Indiana, I’m sorry but I have to pick on you. You’re near and dear to my heart. I love you so, but frankly, it’s getting harder and harder to defend your beauty and sweetness. You’re an abusive partner that I once adored but then you keep doing crazy shit. You have two bills that say, hey, let’s use your gender assigned at birth as a way to decide what bathroom you use. Guess what???? You’re stupid. First, do you realize how ridiculous it’s going to look to try to sort by this system? Take a look at the Instagram hashtag “transgender.” Ok. How do you decide? Hmmmmm???? Who was assigned male at birth and female? Good fuckin’ luck!

2. Fuck you! To the bills that are trying to allow people and businesses to discriminate against transgender people.

Can we take a minute and realize these bills violate the simplest ideals the majority of us were taught as children? Be kind to others. Don’t hit. Try to understand some people are different from you. Yet, we have grown-ass adults wanting tstorage.torontosunhe legal ability to be dicks. Well, fuck you.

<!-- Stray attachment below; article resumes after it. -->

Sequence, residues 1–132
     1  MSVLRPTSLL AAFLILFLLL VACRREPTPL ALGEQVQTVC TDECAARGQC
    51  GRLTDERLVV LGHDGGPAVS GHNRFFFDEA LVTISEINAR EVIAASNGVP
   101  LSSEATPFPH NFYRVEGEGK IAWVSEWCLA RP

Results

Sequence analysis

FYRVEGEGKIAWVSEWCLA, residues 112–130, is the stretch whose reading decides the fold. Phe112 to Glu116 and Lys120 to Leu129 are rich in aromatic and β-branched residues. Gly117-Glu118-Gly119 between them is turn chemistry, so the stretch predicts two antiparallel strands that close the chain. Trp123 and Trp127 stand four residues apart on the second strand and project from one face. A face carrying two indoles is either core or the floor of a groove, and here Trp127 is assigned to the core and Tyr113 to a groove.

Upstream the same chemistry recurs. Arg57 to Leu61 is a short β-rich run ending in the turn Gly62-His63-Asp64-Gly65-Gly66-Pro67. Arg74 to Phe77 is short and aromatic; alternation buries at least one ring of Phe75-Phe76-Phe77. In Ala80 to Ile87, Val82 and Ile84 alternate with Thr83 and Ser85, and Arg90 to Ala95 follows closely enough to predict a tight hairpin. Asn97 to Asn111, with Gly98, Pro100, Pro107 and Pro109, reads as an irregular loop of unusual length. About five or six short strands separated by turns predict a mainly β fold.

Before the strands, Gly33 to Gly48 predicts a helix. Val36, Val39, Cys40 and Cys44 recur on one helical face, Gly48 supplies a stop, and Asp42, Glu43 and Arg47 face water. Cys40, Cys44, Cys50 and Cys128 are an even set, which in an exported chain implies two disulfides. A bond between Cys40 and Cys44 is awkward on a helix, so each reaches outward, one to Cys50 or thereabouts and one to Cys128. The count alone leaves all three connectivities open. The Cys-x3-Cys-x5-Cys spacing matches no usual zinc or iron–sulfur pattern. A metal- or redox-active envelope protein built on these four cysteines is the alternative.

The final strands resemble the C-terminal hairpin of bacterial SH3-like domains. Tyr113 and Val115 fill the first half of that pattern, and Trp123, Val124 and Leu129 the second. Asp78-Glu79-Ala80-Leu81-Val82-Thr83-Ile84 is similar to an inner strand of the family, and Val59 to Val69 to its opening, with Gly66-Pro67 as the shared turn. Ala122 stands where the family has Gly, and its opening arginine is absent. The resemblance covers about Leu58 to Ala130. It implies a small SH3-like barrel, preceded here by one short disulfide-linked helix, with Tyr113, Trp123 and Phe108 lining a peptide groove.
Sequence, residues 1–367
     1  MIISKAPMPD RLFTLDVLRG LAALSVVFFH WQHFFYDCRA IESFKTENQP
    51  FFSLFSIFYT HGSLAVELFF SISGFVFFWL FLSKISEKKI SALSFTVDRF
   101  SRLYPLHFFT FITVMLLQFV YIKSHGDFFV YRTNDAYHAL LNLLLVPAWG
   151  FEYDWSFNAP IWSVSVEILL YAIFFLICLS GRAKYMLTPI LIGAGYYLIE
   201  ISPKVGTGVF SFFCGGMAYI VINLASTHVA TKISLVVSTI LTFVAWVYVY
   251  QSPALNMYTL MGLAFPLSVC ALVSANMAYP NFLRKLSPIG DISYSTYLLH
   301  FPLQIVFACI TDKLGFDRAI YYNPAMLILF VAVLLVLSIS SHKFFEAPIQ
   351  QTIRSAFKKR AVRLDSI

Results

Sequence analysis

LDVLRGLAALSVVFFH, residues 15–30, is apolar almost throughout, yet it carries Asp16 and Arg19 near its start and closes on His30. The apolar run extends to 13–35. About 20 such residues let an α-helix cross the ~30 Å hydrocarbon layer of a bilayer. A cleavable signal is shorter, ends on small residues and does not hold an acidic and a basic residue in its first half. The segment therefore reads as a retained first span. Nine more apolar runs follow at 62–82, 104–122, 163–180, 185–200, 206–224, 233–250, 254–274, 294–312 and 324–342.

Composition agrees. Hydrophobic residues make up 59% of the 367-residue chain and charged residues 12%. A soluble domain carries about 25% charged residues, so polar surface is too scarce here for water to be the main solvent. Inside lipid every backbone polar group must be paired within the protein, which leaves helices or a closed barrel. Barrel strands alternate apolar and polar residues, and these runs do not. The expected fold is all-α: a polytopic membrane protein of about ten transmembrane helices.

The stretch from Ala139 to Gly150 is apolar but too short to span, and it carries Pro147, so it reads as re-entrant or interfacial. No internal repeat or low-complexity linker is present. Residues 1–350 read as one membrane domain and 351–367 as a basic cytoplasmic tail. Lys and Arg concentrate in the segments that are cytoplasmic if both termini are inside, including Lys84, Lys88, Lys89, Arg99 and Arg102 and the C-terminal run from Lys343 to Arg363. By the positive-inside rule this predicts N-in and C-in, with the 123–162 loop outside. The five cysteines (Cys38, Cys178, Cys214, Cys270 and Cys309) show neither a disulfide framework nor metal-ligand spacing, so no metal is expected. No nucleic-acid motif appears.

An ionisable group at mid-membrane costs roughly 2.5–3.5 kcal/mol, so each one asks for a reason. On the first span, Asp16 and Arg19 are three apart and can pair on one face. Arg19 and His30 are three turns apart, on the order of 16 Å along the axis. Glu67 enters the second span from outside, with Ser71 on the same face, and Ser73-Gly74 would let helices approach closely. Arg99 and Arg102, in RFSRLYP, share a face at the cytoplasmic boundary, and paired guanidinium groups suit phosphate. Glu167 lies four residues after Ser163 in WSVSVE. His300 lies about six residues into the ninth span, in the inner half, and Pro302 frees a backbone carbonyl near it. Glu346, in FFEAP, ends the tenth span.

I don’t discriminate. I don’t give a fuck if you’re an extreme hillbilly in love with Trump. That’s you. You do you. I do me. It’s a simple rap philosophy.

3. Fuck you! To the bills that are working to prevent transgender people the ability to change their legal documents to their gender identity. 

I’ve kept my legal documentation all female because for me it’s a tiny bit of activism in my daily interactions. Forcing people to rethink the legal definition of female. But trust me, it’s been awkward as fuck and sometimes even caused me to avoid social situations. But this has been my decision.

However, if some of these bills pass many transgender people will be forced to carry documentation that doesn’t recognize their gender identity. This will not only be awkward but dangerous. Imagine showing your ID to buy beer and you have a beard and a female marker. There are people who will literally kill you because of this.

Let’s say you’re 5’8″ and weigh 145. You get your driver’s license and they have you at 6’5″ and 210. That’d make you uncomfortable, right? Well, take that feeling and multiple it times 100,000 and you get a hint of what it feels like for a transgender person. Fuck you, Tennessee and Virginia.

All jokes aside. Why is it so hard to accept that some people aren’t going to stay the gender they were assigned at birth? People’s decision to do this has no affect on you. Let it go.

Read all about this bullshit here and here.

Also, please show up and vote. Show up and be pissed. Show up for me. Show up at the rallies, sign the petitions, write your governor, write your momma, write your senator.


You are who you say you are,
– leo